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The Bridesmaid / To Fear A Painted Devil
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The Bridesmaid / To Fear A Painted Devil

3.12 of 5 stars 3.12  ·  rating details  ·  16 ratings  ·  3 reviews
Philip Wardman, an ordinary young man, sports one eccentricity: a neurotic fear of violence and death. Like Ferdinand, he likes to smell the flowers, particularly those in his mother's garden, where stands a statue of the goddess Flora, who over time has come to represent all the female virtues.

Imagine Philip's consternation when, at his sister's wedding, he encounters a

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Barnaby
This review is only for To Fear A Painted Devil (I haven't yet read The Bridesmaid).

Not the strongest of Rendell's novels, though it was only her second attempt, so this must be taken into account. The plot - about a death of a man following a dinner party and an attack of wasps - reminded me of the more set-piece driven Agatha Christie novels. Not necessarily a bad thing, but still not as deep and intelligent as Rendell's best. However, the novel does provide an intriguing insight into the poli
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Redfox5
I've finished The Bridesmaid and I didn't enjoy it all that much. The book feels dated. It's like a hundred pages in before it even gets to what the book is about. I hated Senta. She was a total nutcase. Philp was so pathetic. He was sooo in love with her after what, two days? I'd have been out of there after she attacked me. And why did she get so upset when he didn't belive that she died her hair? Even tho it was a stupid thing to question since no one's hair is silver. I found myself getting ...more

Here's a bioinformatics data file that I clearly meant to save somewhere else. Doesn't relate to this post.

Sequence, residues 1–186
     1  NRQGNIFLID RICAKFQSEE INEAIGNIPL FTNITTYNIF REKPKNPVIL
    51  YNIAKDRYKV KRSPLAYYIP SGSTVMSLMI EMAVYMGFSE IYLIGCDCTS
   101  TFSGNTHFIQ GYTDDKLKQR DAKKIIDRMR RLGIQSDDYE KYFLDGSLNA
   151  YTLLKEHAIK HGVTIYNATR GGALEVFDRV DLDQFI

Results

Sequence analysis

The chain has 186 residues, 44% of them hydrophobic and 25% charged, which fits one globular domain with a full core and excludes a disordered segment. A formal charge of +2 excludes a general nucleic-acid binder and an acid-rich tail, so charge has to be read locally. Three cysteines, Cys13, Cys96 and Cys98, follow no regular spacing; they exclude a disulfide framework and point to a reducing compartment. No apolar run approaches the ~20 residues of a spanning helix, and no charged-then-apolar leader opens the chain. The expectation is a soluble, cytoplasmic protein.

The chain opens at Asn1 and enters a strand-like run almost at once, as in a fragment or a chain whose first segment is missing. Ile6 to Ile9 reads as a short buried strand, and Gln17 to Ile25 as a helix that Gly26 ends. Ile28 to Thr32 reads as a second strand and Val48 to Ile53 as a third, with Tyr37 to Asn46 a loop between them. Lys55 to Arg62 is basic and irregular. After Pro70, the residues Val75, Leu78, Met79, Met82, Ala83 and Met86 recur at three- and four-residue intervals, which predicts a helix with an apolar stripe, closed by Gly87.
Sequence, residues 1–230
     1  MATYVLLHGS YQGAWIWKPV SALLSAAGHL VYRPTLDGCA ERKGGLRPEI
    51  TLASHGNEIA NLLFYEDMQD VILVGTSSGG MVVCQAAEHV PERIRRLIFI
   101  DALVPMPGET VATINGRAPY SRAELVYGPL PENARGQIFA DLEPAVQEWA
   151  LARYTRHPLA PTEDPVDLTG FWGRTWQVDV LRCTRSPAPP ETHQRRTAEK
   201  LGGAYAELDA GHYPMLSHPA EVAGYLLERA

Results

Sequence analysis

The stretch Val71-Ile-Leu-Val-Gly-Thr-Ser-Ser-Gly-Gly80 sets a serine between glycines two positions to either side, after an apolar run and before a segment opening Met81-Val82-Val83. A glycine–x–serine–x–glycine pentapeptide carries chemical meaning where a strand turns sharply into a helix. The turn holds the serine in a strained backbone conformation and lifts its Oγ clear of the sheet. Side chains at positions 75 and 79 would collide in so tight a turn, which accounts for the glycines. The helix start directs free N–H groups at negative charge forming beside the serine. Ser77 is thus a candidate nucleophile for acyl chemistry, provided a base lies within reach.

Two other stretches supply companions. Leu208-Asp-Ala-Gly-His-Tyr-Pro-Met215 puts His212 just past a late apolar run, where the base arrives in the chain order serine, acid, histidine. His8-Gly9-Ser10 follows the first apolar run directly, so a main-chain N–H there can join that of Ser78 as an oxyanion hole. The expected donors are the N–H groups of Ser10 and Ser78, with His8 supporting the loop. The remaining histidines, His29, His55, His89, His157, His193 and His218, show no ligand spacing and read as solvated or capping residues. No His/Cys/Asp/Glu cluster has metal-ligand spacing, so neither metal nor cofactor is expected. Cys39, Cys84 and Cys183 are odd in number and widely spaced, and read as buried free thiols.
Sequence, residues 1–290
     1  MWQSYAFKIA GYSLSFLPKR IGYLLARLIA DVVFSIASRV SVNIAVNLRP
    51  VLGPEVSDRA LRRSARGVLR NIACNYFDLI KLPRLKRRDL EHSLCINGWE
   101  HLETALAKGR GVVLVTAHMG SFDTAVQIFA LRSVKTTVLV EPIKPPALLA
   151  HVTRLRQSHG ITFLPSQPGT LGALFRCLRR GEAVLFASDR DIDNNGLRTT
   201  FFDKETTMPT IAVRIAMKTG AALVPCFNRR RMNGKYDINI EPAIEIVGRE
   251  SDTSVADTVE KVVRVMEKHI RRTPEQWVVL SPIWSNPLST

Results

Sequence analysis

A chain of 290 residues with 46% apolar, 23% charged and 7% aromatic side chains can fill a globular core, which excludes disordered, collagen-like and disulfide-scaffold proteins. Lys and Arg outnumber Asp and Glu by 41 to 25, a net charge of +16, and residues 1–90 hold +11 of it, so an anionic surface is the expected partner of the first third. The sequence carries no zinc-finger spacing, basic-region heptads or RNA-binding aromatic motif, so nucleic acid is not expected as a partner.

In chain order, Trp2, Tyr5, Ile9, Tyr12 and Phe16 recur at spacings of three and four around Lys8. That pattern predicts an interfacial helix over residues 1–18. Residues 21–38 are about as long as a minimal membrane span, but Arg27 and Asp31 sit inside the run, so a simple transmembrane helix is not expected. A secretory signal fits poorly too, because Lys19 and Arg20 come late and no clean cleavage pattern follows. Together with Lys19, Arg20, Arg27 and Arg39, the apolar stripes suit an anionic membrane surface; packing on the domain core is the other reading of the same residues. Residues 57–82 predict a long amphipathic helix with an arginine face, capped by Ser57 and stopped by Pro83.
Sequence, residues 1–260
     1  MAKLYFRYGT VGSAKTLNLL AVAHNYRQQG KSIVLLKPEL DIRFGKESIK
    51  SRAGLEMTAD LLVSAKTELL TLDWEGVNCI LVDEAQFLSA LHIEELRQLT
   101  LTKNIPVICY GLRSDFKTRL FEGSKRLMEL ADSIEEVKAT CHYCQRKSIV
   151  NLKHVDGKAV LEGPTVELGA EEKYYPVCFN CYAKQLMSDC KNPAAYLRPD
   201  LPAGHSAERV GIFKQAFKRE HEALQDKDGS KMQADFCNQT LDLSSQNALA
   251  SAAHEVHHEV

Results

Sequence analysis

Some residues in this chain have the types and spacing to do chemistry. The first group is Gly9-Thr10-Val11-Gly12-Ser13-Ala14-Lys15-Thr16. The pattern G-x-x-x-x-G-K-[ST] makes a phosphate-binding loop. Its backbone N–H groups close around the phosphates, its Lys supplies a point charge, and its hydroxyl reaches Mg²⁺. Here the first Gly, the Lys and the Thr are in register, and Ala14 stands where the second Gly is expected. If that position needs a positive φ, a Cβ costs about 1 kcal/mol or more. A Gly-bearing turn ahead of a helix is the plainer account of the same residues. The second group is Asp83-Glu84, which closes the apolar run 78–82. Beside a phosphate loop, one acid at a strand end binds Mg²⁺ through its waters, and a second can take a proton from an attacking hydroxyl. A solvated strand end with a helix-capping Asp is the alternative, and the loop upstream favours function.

Laura
Slow and predictable.
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10890
A.K.A. Barbara Vine

Ruth Barbara Rendell, Baroness Rendell of Babergh, CBE, who also wrote under the pseudonym Barbara Vine, was an acclaimed English crime writer, known for her many psychological thrillers and murder mysteries.
More about Ruth Rendell...
From Doon With Death (Inspector Wexford, #1) A Judgement in Stone The Babes in the Wood (Inspector Wexford, #19) A Sight for Sore Eyes Kissing the Gunner's Daughter (Inspector Wexford, #15)

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